Drawing on the study of Bushman (1997), Thompson and McIlnay (2019) indicate that one of the reasons why interest in reading decreases is the selection of texts in middle and high schools which are representative of literary classics which students find challenging to read, comprehend and relate to. Other reasons contributing to the loss of interest in reading include the conflict between the emphasis on the learners’ autonomy and independence and the required reading lists and lack of choice. Therefore, the researchers were arguing for the employment of multi-modal, multiformat and multigenre reading approaches which would enable students to use a range of media in which they read and write, thereby promoting learner autonomy and developing a variety of literacy skills. This could be achieved by free voluntary reading (Krashen, 2004); giving students the opportunity to choose their own books, especially for extensive reading, and integrating works of various formats, genres and media. For example, The Hobbit novel could be compared and contrasted with a filmed version or any other related multimedia version. By analyzing the traditional print text and a multimedia version, students would be able to “examine plot, perspective, voice through visual imagery by comparing the same story across different formats and media” (Thompson & McIlnay, 2019, p. 71) and develop skills to explore a variety of texts. Building off of Carter (2007) and Ujiie and Krashen (1996) Thompson & McIlnay (2019) maintain that the use of picture books in early years, as well as graphic novels and comics spark enjoyment in reading. This could be applied to developing reading materials for The Hobbit. ESL students could choose a favourite excerpt from the novel, script the scene or expand the original scene / create an alternative ending of the scene and create comics using or

The Hobbit stuff / The Hobbit Unit Plans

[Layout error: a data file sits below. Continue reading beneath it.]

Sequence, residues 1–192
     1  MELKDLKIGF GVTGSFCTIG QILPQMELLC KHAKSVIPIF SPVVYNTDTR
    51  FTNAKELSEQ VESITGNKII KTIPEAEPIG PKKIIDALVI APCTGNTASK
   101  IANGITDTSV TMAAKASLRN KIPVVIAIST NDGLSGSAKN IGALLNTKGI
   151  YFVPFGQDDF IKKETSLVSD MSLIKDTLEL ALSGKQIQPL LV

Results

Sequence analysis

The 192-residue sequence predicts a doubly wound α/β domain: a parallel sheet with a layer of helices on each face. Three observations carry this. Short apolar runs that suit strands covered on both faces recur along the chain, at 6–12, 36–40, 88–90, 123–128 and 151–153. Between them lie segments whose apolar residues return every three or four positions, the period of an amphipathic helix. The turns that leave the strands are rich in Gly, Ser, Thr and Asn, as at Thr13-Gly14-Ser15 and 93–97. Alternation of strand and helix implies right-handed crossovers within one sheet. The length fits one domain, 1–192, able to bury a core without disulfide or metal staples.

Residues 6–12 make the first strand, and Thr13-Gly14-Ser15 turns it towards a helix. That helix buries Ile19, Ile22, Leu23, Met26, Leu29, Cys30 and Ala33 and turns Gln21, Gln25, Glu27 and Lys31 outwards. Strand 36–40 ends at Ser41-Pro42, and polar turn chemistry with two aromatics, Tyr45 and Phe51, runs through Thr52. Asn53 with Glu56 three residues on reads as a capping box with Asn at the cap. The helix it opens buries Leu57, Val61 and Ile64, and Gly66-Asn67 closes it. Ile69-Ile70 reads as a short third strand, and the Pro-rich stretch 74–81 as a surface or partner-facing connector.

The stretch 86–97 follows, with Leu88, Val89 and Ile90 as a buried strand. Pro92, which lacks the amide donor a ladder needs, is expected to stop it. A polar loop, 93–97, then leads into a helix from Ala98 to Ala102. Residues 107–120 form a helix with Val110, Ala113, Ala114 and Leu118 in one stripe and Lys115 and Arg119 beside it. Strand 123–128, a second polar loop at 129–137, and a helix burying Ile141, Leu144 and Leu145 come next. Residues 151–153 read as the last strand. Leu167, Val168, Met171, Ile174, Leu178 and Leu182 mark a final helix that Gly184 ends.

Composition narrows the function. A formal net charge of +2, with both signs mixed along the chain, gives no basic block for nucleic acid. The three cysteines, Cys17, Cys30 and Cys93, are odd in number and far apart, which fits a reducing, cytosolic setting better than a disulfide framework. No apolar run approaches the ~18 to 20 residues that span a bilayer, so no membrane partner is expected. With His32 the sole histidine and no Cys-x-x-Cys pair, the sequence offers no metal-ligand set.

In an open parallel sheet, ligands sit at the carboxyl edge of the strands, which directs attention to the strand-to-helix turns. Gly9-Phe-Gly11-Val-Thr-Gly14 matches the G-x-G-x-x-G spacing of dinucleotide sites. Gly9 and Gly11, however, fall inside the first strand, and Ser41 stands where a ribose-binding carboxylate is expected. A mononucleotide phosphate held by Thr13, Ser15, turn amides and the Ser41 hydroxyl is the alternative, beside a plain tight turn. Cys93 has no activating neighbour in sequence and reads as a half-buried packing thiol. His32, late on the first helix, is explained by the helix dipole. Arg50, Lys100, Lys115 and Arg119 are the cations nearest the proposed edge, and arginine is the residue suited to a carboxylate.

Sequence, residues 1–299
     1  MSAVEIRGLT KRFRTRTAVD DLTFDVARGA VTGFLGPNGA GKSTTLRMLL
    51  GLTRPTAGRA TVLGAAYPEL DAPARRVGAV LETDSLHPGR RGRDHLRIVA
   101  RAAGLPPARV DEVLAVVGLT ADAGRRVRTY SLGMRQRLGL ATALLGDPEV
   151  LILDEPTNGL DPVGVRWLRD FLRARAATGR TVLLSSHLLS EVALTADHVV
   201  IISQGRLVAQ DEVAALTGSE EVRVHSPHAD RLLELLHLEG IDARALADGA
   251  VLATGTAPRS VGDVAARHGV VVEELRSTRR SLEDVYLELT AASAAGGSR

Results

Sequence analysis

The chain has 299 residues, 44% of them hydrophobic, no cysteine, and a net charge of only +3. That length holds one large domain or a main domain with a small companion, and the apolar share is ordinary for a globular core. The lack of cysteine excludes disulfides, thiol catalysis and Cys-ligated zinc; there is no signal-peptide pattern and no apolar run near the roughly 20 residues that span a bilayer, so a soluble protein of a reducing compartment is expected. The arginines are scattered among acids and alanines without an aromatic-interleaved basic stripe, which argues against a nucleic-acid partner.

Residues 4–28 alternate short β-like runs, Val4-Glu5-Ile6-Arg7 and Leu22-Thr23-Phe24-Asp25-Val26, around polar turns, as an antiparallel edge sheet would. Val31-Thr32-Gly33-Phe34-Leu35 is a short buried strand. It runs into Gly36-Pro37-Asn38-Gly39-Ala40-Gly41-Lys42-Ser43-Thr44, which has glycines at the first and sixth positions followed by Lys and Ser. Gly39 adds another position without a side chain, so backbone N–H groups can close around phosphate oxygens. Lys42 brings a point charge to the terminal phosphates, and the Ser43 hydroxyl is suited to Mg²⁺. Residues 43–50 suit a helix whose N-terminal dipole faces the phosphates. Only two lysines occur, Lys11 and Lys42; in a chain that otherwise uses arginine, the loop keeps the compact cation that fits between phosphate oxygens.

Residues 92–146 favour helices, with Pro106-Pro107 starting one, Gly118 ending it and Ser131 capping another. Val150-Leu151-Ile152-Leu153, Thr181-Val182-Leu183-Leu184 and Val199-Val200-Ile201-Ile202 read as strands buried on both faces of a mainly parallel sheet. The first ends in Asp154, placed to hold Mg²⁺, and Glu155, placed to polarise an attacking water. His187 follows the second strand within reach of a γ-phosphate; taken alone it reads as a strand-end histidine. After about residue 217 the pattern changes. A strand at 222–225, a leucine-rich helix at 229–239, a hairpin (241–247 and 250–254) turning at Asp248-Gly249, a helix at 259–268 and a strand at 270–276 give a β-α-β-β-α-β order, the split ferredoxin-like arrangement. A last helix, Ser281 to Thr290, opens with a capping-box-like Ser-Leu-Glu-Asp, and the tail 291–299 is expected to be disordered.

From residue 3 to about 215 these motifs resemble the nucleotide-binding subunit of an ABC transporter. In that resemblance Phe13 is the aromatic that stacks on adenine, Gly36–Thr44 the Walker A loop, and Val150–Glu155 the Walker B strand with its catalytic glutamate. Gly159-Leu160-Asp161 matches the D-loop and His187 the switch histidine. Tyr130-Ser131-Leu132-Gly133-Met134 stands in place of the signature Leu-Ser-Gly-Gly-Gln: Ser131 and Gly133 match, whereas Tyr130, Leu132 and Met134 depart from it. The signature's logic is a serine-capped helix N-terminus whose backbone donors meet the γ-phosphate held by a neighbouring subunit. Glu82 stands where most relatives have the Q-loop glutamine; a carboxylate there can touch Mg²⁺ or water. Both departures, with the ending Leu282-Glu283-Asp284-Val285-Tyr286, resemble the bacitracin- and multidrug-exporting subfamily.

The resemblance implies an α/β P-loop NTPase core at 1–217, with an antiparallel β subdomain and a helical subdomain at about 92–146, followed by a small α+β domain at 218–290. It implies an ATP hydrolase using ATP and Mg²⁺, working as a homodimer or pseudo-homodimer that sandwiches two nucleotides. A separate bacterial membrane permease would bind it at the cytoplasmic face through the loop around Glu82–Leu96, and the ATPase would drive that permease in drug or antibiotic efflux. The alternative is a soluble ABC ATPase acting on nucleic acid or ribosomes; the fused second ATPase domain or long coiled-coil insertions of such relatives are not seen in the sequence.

« on: February 05, 2020, 10:10:40 PM »
      The Hobbit Unit Plans

This resource has a compilation of lesson plans based on The Hobbit novel created by Susan Anderson (n.d.) (attached herewith). The handout contains 20 lesson plans with the description of daily activities: vocabulary, reading, comprehension questions, discussion questions and possible assignments. For example, in Lesson 16, Anderson (n.d.) suggests implementing the Graffiti activity which does not require a lot of preparation (p. 20). In this activity, students write something on the board related to The Hobbit.  This could be a question, observation, comment, etc. Once it is done, the teacher could use graffiti ‘inscriptions’ to generate a whole-class / group discussion.

Another interesting activity that could be used in the classroom is to create Riddles in the Dark (Anderson, n.d., p. 11). In pairs / groups, students create and write their own riddles on post-it-notes or a piece of paper. The answer is provided below the riddle but is covered with a flap of paper over it. The riddles are put on the wall, and students walk around, read the riddles and try to solve them.

Prestwick House Lesson Plans Handout (2004)

The attached handout contains five student worksheets which could be used to discuss The Hobbit.


In this activity, students have the opportunity to share their impressions on the characters’ or racial groups’ traits and personalities before students start reading the book. Students can write what they think will be the general character traits of the racial groups / characters by filling out the chart. As students read the novel, they list the pages with characters’ description or note down the key descriptions and then reflect / share whether their assumptions were correct / supported.

This activity and others can be found in this Prestwick House (2004) handout (attached herewith).

The Hobbit stuff / Hobbit-related materials for 7th-12th grade level
« on: February 04, 2020, 11:20:13 AM »
Reading is Fundamental website provides a couple of useful resources in case you would like to teach The Hobbit to ESL elementary /middle school students:

The webpage lists three activities: The Hobbit Criss Cross, an interactive puzzle with questions related to the content of the story, The Hobbit Word Search and The Hobbit: Discussion Guide (I attached herewith). The guide has great discussion questions, examines the riddles, rhymes, symbols used in the novel and provides activity suggestions, e.g., students can write a runic message or students can make up their own runes, like a secret code, and then exchange and decipher messages for fun.